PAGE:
Safety corridor extension covers nine more miles of Highway 26 stretch
Going over the river and through the woods to grandmother's house for the holidays gets a little safer this month on Highway 26 southeast of Mount Hood. The Oregon Department of Transportation (ODOT) recently agreed to extend the current safety corridor for an additional nine miles.
'We've had so many accidents in that section, I'm hopeful this new designation will help reduce the risks and increase awareness for drivers,' said State Rep. Patti Smith (R-Corbett).
The corridor is inside her legislative district and she asked for the expansion last summer as a member of the House Interim Transportation Committee.
The current safety corridor, established 10 years ago, affects milepost 25 to milepost 57 on Highway 26. The new portion runs from milepost 57 to milepost 66, an area called 'No Man's Land' by fire and police rescue workers.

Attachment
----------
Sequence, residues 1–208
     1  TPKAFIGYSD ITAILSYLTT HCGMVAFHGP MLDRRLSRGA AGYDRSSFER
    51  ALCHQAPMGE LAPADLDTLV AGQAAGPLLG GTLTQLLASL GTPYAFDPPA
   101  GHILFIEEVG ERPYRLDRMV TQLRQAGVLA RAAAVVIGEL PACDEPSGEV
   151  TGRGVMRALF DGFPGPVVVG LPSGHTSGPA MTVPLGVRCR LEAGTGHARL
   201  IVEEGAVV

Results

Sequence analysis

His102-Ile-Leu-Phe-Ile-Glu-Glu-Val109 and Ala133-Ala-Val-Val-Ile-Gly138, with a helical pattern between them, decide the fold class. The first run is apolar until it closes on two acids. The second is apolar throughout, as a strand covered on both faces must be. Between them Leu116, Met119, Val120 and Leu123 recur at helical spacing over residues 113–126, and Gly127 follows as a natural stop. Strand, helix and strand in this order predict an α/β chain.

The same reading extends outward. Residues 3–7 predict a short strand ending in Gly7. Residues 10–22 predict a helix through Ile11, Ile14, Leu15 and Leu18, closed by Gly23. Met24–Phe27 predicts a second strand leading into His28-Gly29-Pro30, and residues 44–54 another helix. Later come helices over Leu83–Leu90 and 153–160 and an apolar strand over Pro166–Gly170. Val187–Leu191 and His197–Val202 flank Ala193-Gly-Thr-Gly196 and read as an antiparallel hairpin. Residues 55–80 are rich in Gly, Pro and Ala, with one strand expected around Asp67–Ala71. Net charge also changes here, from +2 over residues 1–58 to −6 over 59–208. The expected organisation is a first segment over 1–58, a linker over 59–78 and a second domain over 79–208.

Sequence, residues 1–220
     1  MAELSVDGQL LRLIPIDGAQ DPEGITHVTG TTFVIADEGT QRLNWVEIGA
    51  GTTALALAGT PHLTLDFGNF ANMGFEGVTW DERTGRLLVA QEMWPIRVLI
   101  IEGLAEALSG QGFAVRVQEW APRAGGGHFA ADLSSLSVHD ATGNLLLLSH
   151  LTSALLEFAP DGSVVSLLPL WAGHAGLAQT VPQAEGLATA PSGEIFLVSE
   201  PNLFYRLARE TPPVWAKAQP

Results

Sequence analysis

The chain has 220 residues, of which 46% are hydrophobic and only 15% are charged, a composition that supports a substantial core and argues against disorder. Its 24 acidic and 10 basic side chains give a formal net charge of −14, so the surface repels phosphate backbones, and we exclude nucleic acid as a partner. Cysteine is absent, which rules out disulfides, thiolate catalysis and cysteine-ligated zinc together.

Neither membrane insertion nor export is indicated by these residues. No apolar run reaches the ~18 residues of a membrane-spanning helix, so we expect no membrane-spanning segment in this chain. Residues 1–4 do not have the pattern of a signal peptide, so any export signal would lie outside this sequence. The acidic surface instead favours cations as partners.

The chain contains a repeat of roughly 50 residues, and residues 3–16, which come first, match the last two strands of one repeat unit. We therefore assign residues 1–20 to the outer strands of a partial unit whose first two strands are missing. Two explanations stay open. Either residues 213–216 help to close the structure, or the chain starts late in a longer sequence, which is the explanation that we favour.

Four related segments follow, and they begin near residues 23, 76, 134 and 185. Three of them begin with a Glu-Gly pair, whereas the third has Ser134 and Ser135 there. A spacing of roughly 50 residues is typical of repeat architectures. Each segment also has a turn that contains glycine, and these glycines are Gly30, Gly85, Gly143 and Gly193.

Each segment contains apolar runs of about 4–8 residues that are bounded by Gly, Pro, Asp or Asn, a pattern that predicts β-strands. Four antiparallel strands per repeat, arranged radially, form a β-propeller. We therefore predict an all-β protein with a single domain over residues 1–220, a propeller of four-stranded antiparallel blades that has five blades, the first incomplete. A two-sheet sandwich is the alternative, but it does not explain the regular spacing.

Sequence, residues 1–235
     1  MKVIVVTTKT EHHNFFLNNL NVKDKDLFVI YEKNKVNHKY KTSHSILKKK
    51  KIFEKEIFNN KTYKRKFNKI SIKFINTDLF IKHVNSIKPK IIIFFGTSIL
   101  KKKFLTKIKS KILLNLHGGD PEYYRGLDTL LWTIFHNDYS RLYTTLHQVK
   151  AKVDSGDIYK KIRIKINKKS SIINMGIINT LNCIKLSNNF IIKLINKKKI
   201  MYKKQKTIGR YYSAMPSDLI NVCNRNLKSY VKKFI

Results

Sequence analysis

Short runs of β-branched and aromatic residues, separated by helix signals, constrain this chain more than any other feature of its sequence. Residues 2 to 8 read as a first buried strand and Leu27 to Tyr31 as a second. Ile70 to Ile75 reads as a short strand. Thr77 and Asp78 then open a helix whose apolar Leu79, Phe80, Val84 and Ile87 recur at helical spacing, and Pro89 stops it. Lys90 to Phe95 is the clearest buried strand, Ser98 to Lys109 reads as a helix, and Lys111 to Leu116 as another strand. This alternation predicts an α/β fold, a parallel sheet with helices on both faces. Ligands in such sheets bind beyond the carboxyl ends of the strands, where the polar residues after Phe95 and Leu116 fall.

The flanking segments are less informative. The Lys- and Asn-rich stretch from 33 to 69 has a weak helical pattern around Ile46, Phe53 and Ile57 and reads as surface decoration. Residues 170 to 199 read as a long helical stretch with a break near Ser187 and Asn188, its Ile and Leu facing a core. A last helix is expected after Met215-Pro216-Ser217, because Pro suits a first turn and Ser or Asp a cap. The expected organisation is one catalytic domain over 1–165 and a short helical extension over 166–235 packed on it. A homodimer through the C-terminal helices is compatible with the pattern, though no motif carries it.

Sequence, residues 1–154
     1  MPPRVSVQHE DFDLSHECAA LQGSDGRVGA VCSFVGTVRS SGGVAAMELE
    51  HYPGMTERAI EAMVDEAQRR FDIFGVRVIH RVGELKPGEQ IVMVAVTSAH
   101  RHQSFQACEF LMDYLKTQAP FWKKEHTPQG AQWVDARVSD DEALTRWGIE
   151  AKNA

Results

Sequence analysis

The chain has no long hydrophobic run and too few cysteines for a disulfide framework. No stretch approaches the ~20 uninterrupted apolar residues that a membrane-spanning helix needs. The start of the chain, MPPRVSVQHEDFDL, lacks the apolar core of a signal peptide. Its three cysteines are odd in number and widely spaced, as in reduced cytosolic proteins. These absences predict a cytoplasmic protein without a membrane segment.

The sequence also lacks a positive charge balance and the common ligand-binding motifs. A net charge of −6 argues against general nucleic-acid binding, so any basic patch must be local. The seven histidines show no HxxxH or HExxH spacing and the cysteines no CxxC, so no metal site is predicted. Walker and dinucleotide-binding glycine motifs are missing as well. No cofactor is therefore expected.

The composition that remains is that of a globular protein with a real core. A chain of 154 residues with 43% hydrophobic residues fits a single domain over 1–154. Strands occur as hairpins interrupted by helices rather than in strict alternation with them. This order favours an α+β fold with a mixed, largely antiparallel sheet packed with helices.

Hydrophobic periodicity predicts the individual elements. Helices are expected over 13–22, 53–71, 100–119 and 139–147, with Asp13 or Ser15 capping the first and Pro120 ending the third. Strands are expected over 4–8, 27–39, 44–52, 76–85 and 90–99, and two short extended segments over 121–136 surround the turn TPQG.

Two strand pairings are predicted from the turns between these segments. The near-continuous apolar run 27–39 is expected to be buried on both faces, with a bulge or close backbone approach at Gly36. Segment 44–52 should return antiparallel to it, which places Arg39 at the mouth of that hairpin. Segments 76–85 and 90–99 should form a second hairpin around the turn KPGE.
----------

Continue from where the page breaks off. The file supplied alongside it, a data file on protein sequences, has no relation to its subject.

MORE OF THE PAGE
According to ODOT, 'No Man's Land' has a 27 percent higher crash rate than the state average.
ODOT has put up additional warning and speed signs, adjusted passing areas, and is now installing signs to alert motorist to the new corridor designation. As with the other 14 safety corridors, fines for traffic violations can be doubled in these areas.
'Highway 26 to the east of the Highway 35 junction has seen an increase in crashes with fatalities in the past year,' said Jerry Sabel, head of the Highway 26 Safety Corridor Citizens Advisory Committee. 'Extending the safety corridor to the east will be a major step in reducing these crashes. Without (Smith's) help, we could not have accomplished the safety corridor extension.'